The Rebirth of the Snake Pit

Published On March 7, 2016 » 3165 Views» By Jeff Vrabel » Blogs, IMS, IMS History, Indy 500

We’re chronicling 100 days of Indy 500 history on #SpeedRead leading up to the historic 100th Running. With 83 days to go, Jeff Vrabel continues exploring the many tie-ins between the Indy 500 and pop culture.

More Vrabel: David Letterman, pit reporter | Indy 500 on Atari 2600On “Jeopardy!” | The ultimate “500” playlistMore 100 days blogs

For most of its history, the word “music” at the Indianapolis 500 has connoted a handful of genres and musicians, many of whom were Jim Nabors. Carb Day and Legends Day have become annual parties, and there are a handful of songs and bands who have focused on the charm and ferocity of the race, but they generally fall under the rock and country umbrellas. (Sadly, unlike “Daytona 500,” we do not have a quasi-theme song performed by a former member of the Wu-Tang Clan, although there’s still time, and yes we’re looking at you, GZA.)

All this makes the modern incarnation of the Snake Pit that much more fascinating. If you were around in the ’70s or ’80s, you may recall (or not) the original version of the Snake Pit — inside Turn 1 — as the place where things got what we official people writing official things for the official Speedway would call “unruly.” In fact, over the years things got unruly enough that organizers instituted a hiatus that lasted for much of the ‘90s and 2000s so everyone could kind of just chill out for a little bit.

The Snake Pit, 1980: Endless debauchery and sometimes an actual pit.

The Snake Pit, 1980: Endless debauchery and sometimes an actual pit.

But that changed preeeeeeety hard in 2012, when the Snake Pit reopened inside Turn 3 as something completely different: an electronic dance festival that starts just after the gates open and lasts for the duration of the race. It’s also, if we might be so bold, not bad at booking: This year’s headliner is Skrillex, one of the most famous faces in EDM and a guy who can claim eight Grammy Awards and more then 10 million singles. He’s the fourth-most viewed artist on YouTube, partly thanks to his reasonably popular work with Justin Bieber. Also on the bill: Martin Garrix, Zeds Dead and DJ Mustard.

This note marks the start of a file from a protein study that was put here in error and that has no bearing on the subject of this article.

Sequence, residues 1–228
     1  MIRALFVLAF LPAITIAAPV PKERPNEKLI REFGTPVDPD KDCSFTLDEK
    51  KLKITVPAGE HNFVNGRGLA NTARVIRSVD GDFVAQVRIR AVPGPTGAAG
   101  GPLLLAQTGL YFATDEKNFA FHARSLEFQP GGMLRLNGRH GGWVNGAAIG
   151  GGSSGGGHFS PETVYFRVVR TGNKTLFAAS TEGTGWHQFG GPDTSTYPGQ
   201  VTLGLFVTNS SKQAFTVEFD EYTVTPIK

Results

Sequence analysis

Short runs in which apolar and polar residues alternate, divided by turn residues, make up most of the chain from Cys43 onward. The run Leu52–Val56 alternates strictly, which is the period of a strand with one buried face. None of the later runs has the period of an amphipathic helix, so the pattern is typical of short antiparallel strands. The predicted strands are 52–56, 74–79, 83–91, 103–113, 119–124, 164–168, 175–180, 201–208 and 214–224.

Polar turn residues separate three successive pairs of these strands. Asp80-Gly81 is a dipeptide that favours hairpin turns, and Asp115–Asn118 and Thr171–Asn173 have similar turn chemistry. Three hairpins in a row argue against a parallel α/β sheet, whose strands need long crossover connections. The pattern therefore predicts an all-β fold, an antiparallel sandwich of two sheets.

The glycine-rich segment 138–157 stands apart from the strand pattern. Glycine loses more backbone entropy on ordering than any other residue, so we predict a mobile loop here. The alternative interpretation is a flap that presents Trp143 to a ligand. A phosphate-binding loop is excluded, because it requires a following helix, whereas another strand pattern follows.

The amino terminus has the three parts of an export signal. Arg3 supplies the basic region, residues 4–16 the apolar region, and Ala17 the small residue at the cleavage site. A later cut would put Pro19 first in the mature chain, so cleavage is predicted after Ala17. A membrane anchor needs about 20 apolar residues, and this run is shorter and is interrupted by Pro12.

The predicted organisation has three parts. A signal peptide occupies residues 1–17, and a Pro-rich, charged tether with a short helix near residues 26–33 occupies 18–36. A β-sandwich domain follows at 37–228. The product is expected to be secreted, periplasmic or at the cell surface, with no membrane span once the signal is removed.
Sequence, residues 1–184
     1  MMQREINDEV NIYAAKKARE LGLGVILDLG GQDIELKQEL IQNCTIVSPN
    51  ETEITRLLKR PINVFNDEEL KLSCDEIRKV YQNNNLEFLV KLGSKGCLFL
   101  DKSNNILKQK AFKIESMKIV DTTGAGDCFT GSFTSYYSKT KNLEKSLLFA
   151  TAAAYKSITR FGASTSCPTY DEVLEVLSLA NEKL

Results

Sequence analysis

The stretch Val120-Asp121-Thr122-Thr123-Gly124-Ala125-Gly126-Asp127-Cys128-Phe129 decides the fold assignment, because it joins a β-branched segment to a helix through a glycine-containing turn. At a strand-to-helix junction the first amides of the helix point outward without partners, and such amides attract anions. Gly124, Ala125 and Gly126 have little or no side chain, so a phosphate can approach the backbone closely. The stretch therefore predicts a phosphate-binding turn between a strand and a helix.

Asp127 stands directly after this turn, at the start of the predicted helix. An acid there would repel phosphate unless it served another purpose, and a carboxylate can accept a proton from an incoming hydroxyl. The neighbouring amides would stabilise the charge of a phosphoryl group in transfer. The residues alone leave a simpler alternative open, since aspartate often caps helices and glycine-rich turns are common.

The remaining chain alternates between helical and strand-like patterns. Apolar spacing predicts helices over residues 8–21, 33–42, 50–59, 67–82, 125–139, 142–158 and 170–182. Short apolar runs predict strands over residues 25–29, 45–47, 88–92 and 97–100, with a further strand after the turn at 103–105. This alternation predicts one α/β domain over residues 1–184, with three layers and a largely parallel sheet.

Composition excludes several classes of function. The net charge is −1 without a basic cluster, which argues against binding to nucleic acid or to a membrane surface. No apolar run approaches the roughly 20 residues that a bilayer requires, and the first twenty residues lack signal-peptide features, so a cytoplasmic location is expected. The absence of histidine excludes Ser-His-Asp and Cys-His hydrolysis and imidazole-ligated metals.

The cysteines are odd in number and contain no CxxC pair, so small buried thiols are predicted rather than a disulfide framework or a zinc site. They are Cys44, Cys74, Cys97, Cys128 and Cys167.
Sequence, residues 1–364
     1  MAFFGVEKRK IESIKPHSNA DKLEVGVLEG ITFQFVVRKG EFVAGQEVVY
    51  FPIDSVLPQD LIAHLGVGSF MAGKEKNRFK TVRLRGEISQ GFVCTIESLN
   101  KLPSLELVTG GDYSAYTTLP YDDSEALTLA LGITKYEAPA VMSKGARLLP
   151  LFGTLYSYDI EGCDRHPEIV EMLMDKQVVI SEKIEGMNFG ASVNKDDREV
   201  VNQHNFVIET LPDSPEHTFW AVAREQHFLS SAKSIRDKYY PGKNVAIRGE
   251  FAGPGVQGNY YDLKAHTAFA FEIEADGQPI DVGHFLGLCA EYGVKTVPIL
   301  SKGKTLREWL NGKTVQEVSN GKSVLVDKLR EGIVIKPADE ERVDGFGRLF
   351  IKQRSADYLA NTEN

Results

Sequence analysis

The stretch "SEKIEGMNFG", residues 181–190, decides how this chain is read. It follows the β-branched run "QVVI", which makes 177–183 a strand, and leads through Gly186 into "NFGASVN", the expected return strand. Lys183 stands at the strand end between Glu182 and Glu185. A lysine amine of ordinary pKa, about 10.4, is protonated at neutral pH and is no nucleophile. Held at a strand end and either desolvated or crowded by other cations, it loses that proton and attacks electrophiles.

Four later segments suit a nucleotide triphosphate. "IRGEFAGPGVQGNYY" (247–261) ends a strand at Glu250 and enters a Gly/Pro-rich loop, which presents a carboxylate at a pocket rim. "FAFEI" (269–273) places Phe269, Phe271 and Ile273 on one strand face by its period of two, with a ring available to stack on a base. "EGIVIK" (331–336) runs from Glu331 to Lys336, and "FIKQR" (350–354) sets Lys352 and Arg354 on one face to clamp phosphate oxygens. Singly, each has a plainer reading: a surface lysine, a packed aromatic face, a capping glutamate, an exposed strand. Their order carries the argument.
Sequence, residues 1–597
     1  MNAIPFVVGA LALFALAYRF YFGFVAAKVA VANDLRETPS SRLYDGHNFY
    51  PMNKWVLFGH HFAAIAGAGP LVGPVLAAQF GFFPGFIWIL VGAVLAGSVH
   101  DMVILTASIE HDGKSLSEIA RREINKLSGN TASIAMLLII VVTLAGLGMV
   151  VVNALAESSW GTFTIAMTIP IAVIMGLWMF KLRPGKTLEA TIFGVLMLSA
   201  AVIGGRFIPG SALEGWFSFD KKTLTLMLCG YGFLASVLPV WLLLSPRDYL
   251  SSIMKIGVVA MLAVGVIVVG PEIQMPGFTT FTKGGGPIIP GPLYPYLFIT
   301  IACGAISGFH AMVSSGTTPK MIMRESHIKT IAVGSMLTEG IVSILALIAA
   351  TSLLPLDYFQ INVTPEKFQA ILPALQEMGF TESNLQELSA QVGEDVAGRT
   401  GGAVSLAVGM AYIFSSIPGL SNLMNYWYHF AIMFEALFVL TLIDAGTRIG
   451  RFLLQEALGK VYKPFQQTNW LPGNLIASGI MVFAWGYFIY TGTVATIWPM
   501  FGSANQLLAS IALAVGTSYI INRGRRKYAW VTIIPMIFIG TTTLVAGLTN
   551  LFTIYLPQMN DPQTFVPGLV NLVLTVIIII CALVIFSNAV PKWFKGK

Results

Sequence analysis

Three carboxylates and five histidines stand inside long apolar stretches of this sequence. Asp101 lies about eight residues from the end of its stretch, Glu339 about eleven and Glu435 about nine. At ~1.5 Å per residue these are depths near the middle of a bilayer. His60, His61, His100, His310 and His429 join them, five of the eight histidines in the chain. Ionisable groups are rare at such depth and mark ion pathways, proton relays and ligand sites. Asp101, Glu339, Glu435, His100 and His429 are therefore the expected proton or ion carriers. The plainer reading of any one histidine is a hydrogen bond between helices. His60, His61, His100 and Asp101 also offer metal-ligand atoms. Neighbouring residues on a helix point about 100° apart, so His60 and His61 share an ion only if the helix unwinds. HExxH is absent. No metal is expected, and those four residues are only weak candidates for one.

Tickets are $20 and $85 and on sale at ims.com and indy500snakepit.com.

The Snake Pit, today: A raucous EDM music festival that also has its share of rowdiness, albeit with less mud.

The Snake Pit, today: A raucous EDM music festival that also has its share of rowdiness, albeit with less mud.

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About The Author

Jeff Vrabel

I’m an Indiana native and former resident of Chicago and Hilton Head Island who’s written for for such outlets as GQ, Men’s Health, Success, the Washington Post and my hometown Indianapolis Monthly. I spent decades listening to the 500 on the radio and have run two Mini-Marathons around the IMS track, but only dropped a packet of energy beans on Turn 3 during one of them. And I live near Indianapolis with my family; my oldest son just stole bacon off your plate and the youngest was personally approved by Springsteen (long story). Find me at the cleverly named http://jeffvrabel.com or http://twitter.com/jeffvrabel.
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